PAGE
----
Protea compacta

Bot River sugarbush
Round, sparsely branched shrub. Warm pink feathered flowers held at branch tips make long lasting floral displays. Prune to shape once flowers are done. No phosphorus.
Protea compacta
height 5–10ft
width 5–10ft
tolerates Coast, Drought, Salt, Wind
Proteas are well adapted to our Mediterranean climate, making them carefree plants with bountiful rewards. After a few years, when your protea is established, it will want deep watering every couple weeks, though it will tolerate more if the drainage is excellent.

In general protea respond poorly to clay soils, especially if they are overwatered. In habitat this protea grows in sandy flats and as such is not recommended for heavy soil with poor drainage.
exposure Part Shade – Full Sun
drainage In Ground: Cactus Mix, In Pots: Cactus Mix, Tolerates Sandy Soil
fertilizing Bloodmeal, Fish Emulsion, Low Needs, No Phosphorus
origin SW South Africa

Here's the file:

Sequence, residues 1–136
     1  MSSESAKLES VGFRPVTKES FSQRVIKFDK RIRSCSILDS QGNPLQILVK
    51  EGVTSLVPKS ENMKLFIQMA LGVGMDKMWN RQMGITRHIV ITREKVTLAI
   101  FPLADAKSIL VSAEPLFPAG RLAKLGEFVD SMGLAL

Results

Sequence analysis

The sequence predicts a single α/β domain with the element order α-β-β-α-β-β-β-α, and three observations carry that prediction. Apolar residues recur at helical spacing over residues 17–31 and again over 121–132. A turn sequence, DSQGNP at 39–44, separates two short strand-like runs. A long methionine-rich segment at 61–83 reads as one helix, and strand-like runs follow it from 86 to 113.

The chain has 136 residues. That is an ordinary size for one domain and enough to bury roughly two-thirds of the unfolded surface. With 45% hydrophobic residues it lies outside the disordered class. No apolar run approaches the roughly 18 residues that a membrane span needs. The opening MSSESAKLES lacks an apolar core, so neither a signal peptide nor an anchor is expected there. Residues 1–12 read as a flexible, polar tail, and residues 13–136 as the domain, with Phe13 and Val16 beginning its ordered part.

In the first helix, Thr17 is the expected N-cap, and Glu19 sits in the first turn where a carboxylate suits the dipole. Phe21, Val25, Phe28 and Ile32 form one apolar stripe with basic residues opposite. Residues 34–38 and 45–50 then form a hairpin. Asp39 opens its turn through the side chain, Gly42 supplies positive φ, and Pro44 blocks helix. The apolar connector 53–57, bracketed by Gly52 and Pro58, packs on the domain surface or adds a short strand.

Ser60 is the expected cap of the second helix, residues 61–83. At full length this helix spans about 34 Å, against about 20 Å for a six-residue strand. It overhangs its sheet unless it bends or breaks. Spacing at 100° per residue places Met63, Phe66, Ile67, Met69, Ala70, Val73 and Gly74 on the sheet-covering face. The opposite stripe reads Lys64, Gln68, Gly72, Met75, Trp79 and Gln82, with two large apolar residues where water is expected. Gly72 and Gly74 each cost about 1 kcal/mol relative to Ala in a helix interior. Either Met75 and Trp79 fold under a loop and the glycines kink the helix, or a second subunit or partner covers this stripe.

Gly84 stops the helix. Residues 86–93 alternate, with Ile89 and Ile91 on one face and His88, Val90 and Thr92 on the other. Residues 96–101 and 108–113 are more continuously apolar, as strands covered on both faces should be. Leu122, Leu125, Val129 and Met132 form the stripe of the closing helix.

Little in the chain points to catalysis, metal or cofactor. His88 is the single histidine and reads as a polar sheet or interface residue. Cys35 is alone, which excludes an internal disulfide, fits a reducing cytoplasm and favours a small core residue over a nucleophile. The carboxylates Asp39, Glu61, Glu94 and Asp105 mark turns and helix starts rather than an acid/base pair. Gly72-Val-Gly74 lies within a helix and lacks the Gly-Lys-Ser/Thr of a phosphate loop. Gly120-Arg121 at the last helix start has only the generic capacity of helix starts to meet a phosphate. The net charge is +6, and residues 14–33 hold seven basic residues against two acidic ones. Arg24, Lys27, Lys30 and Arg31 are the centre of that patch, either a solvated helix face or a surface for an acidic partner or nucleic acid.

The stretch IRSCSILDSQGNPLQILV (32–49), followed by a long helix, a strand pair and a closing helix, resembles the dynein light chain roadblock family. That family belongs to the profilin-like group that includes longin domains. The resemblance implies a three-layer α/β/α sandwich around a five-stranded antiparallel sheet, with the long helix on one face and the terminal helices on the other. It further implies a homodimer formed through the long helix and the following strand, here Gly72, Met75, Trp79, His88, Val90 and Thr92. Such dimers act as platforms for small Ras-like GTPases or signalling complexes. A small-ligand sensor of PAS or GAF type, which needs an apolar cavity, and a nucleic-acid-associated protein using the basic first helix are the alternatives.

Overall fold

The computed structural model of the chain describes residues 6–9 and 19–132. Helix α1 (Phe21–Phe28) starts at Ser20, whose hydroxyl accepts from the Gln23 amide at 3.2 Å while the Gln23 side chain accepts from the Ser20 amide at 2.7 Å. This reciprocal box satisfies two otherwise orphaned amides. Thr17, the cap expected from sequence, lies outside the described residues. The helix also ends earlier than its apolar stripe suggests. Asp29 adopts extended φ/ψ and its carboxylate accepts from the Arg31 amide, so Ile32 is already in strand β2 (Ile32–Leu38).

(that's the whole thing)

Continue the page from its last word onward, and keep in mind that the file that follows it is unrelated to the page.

16, 17, 19–24

Sunset Zones Map

Outdoor Exposure Guide


Full Sun
Six or more hours of sun beams directly landing on the plant's leaves.

Part Shade
Three to five hours of sun beams directly landing on the plant's leaves.

Part Sun
One to two hours of sun beams directly landing on the plants leaves.

Full Shade
The plant is never fully lit by sun beams, but is in a bright spot or has dappled sunbeams playing over the leaves throughout the day.

Deep Shade
The plant never has dappled light on the leaves, and is in a place that feels dim, even on a nice sunny day.


Growing Notes

Fast growing, often blooming in five years from seed, or (as with our plants) a couple years from a cutting grown plant.
The Bot River sugarbush has a lanky nature, sometimes causing mature plants to fall over; this can be avoided by doing some early pruning and tip pinching or by pruning back bloomed branches. Don’t prune back to more than two years of growth where there are no leaves and the branches are woody; this plant may not bud back from such a hard pruning.
Proteas have evolved to live in very poor soils, and so they should never have phosphorus fertilizer, which many a grower has learned the hard way. If you give your protea all-purpose fertilizer, it’ll likely be completely dead within a couple weeks. They do respond well to light acidic fertilizer, such as cotton seed meal, or nitrogen fertilizers such as blood meal and fish emulsion. Generally its better to sit back and see how the plant grows without fertilzier, which is typically not needed.

More Info

There is also a white flower form of this plant.